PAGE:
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Child mental health services are a postcode lottery, finds study


By Emma Wilkinson
Reporter
11 April 2019

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Children who need ‘low level’ mental health services for conditions such as depression and anxiety or eating disorders face a significant postcode lottery, a report has warned.

An investigation by the Children’s Commissioner into spending on prevention and early intervention services in 2018/19 found while a quarter of areas are spending £1.1 million or more, the bottom quarter spent £180,000 or less.

Figures collected for the report from local authorities, public health bodies, children’s services and CCGs found funding for services had dropped in real terms in a third of areas.

And 60% of local authorities had cut their funding in real terms in recent years.

Overall £226 million – or £14 per child – was spent last year on programmes including support provided by school nurses or counsellors, drop-in centres, or online counselling services.

CCGs had allocated roughly £103m of the total spent on services designed to stop mental health conditions developing into more serious illnesses, the report found.

But while some CCGs were spending £680,000 or more on low level mental health services for children others had only allocated around £140,000 or less.

In the North of England CCGs spent £12.76 per child compared with Midlands and the East which spent £5.83 per child.

Anne Longfield, the Children’s Commissioner for England, warned that despite more funding being made available nationally for children’s mental health the system continues to fail to help until they are so unwell they need specialist intervention.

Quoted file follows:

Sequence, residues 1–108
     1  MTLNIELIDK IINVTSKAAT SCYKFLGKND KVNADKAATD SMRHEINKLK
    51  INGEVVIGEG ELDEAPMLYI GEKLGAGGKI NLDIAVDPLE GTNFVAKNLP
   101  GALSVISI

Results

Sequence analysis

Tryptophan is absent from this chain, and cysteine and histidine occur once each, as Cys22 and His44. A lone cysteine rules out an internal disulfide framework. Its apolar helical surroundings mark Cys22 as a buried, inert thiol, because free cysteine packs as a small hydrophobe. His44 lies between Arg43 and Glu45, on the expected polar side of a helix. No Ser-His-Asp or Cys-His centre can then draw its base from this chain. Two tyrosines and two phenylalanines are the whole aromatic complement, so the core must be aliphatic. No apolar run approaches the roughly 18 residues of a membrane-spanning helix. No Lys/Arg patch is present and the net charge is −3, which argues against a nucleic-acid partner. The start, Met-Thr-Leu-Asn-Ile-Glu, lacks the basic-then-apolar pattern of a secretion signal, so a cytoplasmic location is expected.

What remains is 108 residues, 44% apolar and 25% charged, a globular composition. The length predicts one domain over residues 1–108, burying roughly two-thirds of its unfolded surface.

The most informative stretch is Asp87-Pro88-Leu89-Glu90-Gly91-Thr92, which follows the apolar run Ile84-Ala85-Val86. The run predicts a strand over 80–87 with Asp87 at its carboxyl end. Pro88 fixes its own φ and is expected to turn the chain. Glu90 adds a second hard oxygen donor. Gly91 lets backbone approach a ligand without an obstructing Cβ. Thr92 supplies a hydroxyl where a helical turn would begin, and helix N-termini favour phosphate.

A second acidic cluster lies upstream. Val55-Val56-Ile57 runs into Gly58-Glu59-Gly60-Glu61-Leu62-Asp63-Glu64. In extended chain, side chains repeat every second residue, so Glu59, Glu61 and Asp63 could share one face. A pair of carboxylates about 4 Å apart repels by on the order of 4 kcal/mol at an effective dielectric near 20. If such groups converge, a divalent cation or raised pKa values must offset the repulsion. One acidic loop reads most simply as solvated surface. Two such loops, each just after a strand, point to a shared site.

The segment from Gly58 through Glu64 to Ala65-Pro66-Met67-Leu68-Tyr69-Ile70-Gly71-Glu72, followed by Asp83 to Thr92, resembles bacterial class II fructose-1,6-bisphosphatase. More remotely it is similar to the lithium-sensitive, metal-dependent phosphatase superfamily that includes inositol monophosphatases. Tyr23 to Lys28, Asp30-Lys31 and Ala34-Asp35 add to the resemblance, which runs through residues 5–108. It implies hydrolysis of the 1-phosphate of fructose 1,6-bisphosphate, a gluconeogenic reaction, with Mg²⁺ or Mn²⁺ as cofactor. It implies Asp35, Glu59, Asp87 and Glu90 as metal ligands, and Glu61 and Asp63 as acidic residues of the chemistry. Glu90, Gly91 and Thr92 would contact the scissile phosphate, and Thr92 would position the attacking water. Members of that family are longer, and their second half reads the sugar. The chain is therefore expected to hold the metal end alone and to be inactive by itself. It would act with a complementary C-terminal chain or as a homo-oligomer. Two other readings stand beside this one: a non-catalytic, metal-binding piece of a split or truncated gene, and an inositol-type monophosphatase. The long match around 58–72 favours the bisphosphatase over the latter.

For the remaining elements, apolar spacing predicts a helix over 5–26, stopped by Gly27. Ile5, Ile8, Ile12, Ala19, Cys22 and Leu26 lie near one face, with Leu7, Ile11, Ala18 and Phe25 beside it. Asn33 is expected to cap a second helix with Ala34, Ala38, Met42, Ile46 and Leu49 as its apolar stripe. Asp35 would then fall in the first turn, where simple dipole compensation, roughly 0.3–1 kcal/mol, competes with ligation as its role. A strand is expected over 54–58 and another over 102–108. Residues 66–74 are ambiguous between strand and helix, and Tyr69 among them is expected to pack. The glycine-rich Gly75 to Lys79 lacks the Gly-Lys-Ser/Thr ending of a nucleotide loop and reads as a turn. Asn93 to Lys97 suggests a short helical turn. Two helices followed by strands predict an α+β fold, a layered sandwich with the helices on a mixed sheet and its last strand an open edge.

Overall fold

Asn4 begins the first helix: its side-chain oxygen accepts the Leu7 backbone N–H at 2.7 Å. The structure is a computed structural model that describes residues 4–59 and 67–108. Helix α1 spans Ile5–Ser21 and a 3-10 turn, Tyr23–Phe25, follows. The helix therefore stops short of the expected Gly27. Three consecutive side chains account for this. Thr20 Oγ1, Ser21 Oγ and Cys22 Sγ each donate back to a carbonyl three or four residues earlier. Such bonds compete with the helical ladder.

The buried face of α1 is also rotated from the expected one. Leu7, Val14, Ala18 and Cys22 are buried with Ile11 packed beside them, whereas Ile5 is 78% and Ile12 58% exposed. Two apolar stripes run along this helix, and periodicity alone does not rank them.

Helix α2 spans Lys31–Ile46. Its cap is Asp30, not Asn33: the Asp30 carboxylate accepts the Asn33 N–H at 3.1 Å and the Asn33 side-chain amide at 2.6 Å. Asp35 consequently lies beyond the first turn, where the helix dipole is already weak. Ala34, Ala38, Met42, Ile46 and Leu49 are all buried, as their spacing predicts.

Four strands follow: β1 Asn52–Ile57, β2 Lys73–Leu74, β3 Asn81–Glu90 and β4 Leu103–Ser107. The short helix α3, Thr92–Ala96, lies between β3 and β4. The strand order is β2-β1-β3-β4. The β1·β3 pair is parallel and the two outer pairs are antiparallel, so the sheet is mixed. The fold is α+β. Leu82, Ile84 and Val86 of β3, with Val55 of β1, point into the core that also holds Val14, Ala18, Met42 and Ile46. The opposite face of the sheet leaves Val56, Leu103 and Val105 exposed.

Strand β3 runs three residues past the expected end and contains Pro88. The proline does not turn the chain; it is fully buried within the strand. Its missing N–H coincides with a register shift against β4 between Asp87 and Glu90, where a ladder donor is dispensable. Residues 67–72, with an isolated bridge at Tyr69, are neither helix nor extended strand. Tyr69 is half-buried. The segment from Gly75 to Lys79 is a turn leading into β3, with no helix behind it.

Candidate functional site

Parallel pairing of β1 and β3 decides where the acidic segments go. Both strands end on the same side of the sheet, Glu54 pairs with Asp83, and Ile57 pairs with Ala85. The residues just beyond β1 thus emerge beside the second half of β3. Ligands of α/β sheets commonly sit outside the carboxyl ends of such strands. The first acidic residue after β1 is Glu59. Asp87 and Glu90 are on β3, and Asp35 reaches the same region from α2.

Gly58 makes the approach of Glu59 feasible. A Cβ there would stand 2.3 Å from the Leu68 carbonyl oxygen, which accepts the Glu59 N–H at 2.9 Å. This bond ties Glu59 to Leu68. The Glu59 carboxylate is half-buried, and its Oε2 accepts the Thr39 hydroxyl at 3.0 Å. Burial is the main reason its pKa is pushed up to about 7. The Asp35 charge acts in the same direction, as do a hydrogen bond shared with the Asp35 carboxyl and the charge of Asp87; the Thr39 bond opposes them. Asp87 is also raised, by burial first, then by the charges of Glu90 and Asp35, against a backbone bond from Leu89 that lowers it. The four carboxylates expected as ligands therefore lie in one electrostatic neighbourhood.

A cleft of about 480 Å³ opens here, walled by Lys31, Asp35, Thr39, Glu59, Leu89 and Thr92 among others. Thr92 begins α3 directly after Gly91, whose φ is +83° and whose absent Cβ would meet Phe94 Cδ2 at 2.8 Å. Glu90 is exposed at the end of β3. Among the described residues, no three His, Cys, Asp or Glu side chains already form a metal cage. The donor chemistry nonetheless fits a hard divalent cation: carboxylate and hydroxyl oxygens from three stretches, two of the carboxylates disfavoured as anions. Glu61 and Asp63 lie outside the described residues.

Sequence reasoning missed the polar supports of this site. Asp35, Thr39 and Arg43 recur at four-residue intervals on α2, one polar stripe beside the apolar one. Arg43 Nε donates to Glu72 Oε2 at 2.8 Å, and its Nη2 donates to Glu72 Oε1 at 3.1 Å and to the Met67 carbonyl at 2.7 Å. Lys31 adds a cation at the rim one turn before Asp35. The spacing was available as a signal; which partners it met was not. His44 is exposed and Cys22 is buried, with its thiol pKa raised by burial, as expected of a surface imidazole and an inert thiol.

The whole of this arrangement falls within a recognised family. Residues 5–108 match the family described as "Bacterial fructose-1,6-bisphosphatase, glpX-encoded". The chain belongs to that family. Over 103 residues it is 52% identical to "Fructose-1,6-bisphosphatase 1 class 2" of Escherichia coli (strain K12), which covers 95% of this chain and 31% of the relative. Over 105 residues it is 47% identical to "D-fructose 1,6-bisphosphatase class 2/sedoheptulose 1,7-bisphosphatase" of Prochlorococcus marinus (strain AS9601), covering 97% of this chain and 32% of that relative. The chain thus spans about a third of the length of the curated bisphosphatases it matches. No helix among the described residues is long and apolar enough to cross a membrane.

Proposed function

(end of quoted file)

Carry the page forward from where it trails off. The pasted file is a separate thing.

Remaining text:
‘This report reveals for the first time the postcode lottery facing the increasing number of children suffering from low-level mental health conditions like anxiety and depression.

‘It is extremely worrying that a third of local areas in England are actually reducing real terms spending on these vital services.’

She added that while the NHS long-term plan made children’s mental health a top priority, ‘it won’t succeed unless children with low-level mental health problems are offered help quickly and early’.

‘Local authorities are under huge financial pressure and many are doing a good job, but those who are spending barely anything on low-level mental health cannot continue to leave children to struggle alone.’

BMA GP committee chair Dr Richard Vautrey said: ‘It’s vital to invest in mental health services for children, as early intervention can make all the difference, not just for the child but the wider health, social care and justice systems.’

Responding to the report, Local Government Association’s children and young people board chair Cllr Anntoinette Bramble said children’s services face a funding gap of £3.1bn by 2025.

She said: ‘Significant funding pressures mean many councils are being forced to cut some of the vital early intervention services which can support children with low level mental health issues and avoid more serious problems in later life.

‘We also need the NHS to work more effectively with councils. In addition, the Government promised £1.7bn for children’s mental health, and it should make certain that all of this is received by children’s mental health services, and not diverted elsewhere.

Where it has been spent on other services, government should make up the shortfall.’

A version of this story was first published on our sister publication Pulse.

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